After running a successful business, the O’Sullivan’s want to gradually scale down their involvement before selling, and spend their winters in Arizona. Is this couple on track to meet their retirement goals?
Jerry (55) and Monica (53) O’Sullivan are self-employed. They live in Sarnia, Ontario. They own a home worth $700,000 with a $390,000 mortgage, and a free-and-clear cottage worth $550,000.
They have three children, 24, 19, and 16. The O’Sullivan’s are covering the bulk of their children’s current and future secondary education costs.
Within the next two years, they plan to hire someone to manage the business on a day-to-day basis and only be involved in overseeing. They expect to sell the business after five years, either to an independent buyer or turn it over to one of their children.
- Home worth $700,000 (with $390,000 mortgage)
- Cottage worth $550,000
- RRSPs – $500,000
- TFSAs – $26,000 each
- Non-registered investments in a holding company – $600,000
- Savings account – $50,000
- Business valued at $700,000
- RESP – $110,000
Their investments are a mix of dividend paying stocks plus ETFs in a 70% stock / 30% fixed income mix.
- Semi-retire in two years.
- Fully retire in five years with an annual after-tax income of $80,000.
- Spend 6 months in Arizona and the rest of the year in Canada.
- Cover their children’s education costs (6 years).
The O’Sullivan’s wonder what steps they can take over the next 2 years to solidify their plan of a comfortable retirement.
The couple wants to reduce their involvement in their business prior to selling and start living their retirement dream. They will eventually receive government benefits, but the bulk of their income will come from the business sales proceeds and investments. Here’s what they can do:
Develop a succession plan for the business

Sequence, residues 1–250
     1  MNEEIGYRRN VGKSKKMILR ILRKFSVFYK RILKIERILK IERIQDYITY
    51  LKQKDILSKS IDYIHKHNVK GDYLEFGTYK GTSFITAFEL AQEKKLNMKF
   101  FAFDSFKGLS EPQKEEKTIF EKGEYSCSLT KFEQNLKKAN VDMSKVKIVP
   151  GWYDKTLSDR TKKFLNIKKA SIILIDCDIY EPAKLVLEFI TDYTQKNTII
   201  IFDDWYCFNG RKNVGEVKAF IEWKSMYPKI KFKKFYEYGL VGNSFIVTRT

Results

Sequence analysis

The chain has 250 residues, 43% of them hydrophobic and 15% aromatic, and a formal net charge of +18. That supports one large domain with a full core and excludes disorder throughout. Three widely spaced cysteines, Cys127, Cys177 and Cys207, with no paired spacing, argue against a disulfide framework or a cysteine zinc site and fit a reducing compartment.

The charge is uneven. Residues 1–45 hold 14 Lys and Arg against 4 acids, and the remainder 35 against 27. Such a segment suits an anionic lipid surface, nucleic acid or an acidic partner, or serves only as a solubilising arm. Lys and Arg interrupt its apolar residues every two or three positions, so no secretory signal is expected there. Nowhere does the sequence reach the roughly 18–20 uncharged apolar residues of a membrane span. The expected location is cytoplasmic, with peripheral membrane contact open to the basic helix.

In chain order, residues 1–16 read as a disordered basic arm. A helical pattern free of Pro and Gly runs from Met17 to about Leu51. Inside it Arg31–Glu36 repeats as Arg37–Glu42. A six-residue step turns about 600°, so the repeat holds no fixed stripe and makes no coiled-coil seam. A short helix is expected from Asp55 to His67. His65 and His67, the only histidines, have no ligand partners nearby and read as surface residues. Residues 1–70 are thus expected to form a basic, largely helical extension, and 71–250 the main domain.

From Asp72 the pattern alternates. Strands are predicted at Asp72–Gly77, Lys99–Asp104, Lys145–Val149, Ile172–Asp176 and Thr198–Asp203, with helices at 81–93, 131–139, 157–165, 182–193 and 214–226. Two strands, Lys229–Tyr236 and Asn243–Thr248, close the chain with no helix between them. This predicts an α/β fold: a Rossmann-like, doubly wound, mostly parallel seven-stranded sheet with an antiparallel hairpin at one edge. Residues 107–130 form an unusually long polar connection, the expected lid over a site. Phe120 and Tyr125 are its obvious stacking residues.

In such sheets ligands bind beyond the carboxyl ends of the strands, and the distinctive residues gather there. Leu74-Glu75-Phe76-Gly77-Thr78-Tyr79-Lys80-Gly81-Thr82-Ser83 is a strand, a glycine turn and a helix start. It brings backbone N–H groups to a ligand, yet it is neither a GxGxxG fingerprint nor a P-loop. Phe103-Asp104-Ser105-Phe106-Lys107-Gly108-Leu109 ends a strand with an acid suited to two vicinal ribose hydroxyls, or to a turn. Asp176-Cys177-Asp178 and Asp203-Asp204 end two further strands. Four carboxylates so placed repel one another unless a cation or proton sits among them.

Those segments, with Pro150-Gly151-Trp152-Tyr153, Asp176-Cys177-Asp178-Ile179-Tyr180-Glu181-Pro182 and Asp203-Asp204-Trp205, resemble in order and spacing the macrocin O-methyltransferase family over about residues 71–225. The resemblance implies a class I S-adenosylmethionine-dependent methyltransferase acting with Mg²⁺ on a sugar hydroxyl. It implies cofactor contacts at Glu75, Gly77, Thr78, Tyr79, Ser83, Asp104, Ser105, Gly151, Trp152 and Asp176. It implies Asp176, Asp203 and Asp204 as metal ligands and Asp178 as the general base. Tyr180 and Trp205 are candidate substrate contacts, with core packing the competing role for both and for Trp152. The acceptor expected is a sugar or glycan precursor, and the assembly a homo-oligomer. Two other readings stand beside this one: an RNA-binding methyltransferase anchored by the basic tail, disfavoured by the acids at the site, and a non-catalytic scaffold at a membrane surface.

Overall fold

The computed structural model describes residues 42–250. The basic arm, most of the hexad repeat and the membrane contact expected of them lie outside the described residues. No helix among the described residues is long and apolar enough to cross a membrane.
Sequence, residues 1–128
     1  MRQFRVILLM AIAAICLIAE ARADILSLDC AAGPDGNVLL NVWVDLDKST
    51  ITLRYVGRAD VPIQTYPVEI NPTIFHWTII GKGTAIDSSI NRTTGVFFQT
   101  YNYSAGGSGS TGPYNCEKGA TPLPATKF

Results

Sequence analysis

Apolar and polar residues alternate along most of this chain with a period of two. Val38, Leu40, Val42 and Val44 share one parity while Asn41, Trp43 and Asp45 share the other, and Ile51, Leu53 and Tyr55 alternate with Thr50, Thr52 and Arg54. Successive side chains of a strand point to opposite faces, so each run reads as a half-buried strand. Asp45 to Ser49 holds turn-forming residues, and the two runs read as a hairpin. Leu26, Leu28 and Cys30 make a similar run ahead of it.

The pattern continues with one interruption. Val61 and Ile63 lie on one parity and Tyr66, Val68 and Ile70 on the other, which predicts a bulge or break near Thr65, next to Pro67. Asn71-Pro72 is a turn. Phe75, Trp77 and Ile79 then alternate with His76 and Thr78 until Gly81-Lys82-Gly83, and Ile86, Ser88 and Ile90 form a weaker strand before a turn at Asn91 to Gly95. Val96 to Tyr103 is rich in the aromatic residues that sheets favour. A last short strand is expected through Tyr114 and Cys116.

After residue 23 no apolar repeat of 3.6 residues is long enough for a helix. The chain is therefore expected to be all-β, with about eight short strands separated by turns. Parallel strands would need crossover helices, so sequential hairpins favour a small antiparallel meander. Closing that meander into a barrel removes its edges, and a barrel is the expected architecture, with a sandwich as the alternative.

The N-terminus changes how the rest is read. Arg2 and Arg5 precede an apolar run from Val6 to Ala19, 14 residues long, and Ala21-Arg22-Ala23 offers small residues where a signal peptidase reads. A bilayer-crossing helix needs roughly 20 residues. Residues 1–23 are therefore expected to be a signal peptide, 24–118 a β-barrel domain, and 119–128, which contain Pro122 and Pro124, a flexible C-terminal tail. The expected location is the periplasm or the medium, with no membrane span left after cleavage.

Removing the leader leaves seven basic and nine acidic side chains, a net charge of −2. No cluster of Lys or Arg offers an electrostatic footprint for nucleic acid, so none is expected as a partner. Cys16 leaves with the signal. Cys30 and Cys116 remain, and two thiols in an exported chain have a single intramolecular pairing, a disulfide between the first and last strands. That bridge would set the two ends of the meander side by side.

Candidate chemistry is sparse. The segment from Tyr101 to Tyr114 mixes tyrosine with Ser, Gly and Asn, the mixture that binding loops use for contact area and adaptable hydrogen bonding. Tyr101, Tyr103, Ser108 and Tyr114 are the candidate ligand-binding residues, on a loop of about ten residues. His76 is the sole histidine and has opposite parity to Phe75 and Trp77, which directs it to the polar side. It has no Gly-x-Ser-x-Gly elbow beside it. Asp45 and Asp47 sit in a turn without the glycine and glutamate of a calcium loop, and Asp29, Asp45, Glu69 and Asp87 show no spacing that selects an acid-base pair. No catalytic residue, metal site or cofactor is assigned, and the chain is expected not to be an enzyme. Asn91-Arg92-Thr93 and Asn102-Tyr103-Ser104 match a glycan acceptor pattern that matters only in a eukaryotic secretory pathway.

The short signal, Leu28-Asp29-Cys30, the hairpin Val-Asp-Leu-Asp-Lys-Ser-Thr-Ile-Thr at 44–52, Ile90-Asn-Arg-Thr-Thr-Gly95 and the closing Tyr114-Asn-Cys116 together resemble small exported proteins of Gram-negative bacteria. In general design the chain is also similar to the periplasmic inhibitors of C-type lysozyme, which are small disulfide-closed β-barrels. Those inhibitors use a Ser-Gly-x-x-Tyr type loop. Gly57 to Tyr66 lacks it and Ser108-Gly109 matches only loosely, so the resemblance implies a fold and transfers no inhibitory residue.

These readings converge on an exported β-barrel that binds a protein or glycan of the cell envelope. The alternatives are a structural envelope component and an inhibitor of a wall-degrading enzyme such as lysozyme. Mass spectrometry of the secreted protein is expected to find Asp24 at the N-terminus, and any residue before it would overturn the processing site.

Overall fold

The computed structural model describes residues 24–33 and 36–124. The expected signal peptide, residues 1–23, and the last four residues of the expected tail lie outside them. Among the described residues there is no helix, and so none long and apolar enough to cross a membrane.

Selling a business they’ve spent years developing is a difficult decision. Advance planning for the sale is important. Many businesses are too dependent on their owners. They must build a management team to make the business sustainable without their presence and enable them to exit on their own terms.
Related: Succession planning
The O’Sullivan’s should meet with their accountant and ask him to review their tax situation. The tax consequences can be huge without proper planning, even if transferring ownership within the family.
They also need to get a realistic up-to-date appraisal of the business to see if it will fetch the money they need to retire.
Sell current home and cottage
The O’Sullivan’s are considering selling their current home and the cottage to purchase a smaller home in Sarnia for $500,000 and a winter home in Arizona for $200,000. The couple believes they will net approximately $100,000 from the sales, which they will invest in an ETF portfolio.
A couple can no longer claim two properties as principal residences. They may only designate one residence between them. They need to speak to their accountant about the best way to treat the capital gains (for either property) for tax purposes. It may reduce the net amount they expect to get.
Wintering in Arizona
When purchasing property in the U.S. it’s important to get the advice of a sales agent and lawyer experienced in out-of-country home purchases. Changing U.S. income and estate tax rules, especially if they plan to rent their home in the off-season, can be especially complex. The proper income tax forms must be completed to avoid double taxation.
If they plan to stay in the U.S. for more than 4 months they must fill out a “Closer Connection Exemption Statement” form for stays up to 183 days.
Related: Snowbirds – What you need to know
Be mindful of Ontario Health Coverage that states residents must be physically present for 153 days of the year for coverage.
Jerry and Monica will receive $100,000 annually in dividend income from their business when they semi-retire. Once the business is sold they want an after-tax income of $80,000 in today’s dollars. Most of this income will come from their savings. CPP and OAS will start at age 65.
They will need a total savings of approximately $2.6 million to realize this income in retirement based on an investment return of 4%.
Funds in the holding company can provide tax efficient income with regular dividends plus investment withdrawals are taxed as capital gains (as are other non-registered investments). RRSP and RRIF withdrawals are taxed as regular income.
Create a tax-efficient withdrawal plan.
It is imperative to consult with competent, experienced professionals when selling a company and buying foreign property. This avoids costly misconceptions and unnecessary expenses.
For the next few years the O’Sullivan’s must take steps to increase their investment portfolio by contributing as much as possible to reach the desired goal. Otherwise, they may need to keep the business for a few more years. Even so, they are well on their way to a comfortable retirement.
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